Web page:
- + Key points: Physical activity
Latest available information
Latest available data for adults in NSW
• 41.7% of adults aged 16 years and over (46.7% of men and 37.0% of women) undertook adequate levels of physical activity (at least 300 minutes of moderate or vigorous activity a week over five sessions), as estimated from the 2016 NSW Population Health Survey (self-reported using Computer-Assisted Telephone Interviewing or CATI).
• 29.8% of persons aged 18 years and over (32.8% of males and 27.0% of females) in NSW were sufficiently active in the last week (more than 300 minutes of physical activity over five sessions), as estimated from the 2014-15 Australian Health Survey (interviewer-administered questionnaire).
• Depending on the design, implementation, achieved response rates and target population, different surveys purporting to measure the same outcome can arrive at different conclusions. However, most surveys will generally produce broadly consistent estimates when comparing sub-groups, such as sex or age, within each survey. For measurements that are reliant on activities undertaken “in the last week”, continuous surveys provide a means of capturing consistent data over the year without being subject to seasonal influences.
Latest available data for secondary school students in NSW
• 21.0% of students aged 12-17 years (25.0% of boys and 16.7% of girls) undertook adequate levels of physical activity, as estimated from the 2014 NSW School Students Health Behaviours Survey (self-completed questionnaire).
• In summer 63% of students and in winter 51% of students in years 6, 8 and 10 undertook adequate levels of physical activity, as estimated from the 2010 NSW Schools Physical Activity and Nutrition Survey.
Latest available data for children in NSW
• 26.0% of children aged 5-15 years (30.2% of boys and 21.4% of girls) achieved adequate levels of physical activity, as estimated from the 2015-2016 NSW Population Health Survey (parent-reported using CATI).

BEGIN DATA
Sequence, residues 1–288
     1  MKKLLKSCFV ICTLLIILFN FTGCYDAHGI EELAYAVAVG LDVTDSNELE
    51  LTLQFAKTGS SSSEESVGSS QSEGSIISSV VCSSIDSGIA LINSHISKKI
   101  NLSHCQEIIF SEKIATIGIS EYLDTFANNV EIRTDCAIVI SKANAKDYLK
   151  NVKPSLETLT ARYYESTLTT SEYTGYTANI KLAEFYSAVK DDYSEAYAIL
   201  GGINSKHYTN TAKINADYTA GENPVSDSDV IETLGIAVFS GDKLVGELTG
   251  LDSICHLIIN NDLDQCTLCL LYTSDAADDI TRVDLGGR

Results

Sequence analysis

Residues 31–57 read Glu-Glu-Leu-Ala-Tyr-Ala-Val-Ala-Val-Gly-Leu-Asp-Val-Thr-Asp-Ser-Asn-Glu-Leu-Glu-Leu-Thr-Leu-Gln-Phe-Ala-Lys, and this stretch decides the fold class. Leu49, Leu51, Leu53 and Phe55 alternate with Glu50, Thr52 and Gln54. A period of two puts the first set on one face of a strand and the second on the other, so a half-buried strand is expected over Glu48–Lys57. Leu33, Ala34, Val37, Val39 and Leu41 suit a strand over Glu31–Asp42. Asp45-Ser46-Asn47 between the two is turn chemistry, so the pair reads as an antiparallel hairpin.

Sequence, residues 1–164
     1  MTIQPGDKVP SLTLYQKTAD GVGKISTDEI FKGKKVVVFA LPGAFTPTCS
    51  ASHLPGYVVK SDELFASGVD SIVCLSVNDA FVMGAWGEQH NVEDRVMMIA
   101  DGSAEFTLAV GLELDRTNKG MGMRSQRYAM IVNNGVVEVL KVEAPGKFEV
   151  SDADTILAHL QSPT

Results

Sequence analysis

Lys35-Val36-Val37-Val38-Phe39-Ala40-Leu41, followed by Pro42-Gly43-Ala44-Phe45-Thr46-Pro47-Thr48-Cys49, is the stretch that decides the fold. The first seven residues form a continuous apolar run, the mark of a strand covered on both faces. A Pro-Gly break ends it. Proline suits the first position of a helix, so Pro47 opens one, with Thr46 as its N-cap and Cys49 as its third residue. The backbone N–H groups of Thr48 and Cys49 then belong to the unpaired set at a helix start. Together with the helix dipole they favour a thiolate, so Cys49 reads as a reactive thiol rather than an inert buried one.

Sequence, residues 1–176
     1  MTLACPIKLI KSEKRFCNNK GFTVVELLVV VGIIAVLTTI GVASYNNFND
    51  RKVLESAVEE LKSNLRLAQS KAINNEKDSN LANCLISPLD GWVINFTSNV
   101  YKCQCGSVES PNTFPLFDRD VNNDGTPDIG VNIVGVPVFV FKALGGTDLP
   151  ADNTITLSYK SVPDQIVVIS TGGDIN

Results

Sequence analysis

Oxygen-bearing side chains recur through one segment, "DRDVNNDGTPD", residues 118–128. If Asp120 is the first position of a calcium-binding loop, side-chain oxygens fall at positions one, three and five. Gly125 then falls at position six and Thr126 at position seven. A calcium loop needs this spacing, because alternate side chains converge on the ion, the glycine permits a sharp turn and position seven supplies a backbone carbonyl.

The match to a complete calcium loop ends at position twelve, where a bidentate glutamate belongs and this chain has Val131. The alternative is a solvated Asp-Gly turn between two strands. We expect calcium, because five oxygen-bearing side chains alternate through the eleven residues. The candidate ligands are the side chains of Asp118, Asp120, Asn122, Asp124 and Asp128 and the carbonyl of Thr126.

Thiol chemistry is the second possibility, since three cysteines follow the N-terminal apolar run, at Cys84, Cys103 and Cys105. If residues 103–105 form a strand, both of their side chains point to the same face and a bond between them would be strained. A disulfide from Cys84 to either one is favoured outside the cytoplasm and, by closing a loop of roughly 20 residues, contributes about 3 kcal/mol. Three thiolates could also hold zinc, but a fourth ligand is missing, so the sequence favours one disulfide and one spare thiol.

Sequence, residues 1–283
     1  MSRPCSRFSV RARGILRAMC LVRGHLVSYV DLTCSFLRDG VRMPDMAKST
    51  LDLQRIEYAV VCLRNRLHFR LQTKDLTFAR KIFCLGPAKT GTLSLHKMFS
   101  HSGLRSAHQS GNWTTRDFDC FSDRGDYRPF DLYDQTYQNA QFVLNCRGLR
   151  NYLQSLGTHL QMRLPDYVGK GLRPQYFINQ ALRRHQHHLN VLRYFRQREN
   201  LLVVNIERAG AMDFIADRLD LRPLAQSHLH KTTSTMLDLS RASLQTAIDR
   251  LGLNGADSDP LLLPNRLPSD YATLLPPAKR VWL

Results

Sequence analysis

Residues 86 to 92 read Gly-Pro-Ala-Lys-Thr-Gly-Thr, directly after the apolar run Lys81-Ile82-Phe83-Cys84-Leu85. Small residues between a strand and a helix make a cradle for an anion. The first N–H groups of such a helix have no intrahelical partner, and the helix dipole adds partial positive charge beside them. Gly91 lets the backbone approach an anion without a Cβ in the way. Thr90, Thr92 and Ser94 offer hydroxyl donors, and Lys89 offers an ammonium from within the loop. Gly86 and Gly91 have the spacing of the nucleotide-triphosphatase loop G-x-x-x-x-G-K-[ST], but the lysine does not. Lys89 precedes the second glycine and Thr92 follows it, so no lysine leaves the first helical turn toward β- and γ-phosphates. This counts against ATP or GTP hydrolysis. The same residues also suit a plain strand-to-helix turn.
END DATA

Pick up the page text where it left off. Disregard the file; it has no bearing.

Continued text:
Australian Bureau of Statistics, Australian Health Survey: First Results (4364.0); NSW Tables, 2011-12. Available at: http://www.abs.gov.au/AUSSTATS/abs@.nsf/DetailsPage/4364.0.55.0012011-12?OpenDocument
Centre for Epidemiology and Evidence, NSW Ministry of Health. NSW Adult Population Health Survey. Available at: http://www.health.nsw.gov.au/surveys/adult/Pages/default.aspx
Centre for Epidemiology and Evidence, NSW Ministry of Health. NSW School Students Health Behaviours Survey. Available at: http://www.health.nsw.gov.au/surveys/student/Pages/default.aspx
Hardy L. SPANS 2010 - NSW Schools Physical Activity and Nutrition Survey - Executive Summary, University of Sydney, 2012. Available at: http://www.health.nsw.gov.au/heal/Publications/spans-2010-summary.pdf
Centre for Epidemiology and Evidence, NSW Ministry of Health. NSW Child Population Health Survey. Available at: http://www.health.nsw.gov.au/surveys/child/Pages/default.aspx
- + Background : Physical activity
Physical inactivity as a health risk factor
Physical activity is defined as any bodily movement produced by skeletal muscles, that requires energy expenditure. Physical inactivity has been identified as the fourth leading risk factor for global mortality causing an estimated 3.2 million deaths globally (WHO 2012).
Physical activity is an important factor in maintaining good health at any age. People with adequate physical activity have lower rates of preventable morbidity and mortality than those who are physically inactive. Regular moderate intensity physical activity – such as walking, cycling, or participating in sports – has significant benefits for health. For instance, it can reduce the risk of cardiovascular diseases, diabetes, colon and breast cancer, and depression. Moreover adequate levels of physical activity will decrease the risk of a hip or vertebral fracture and help control weight (WHO 2012).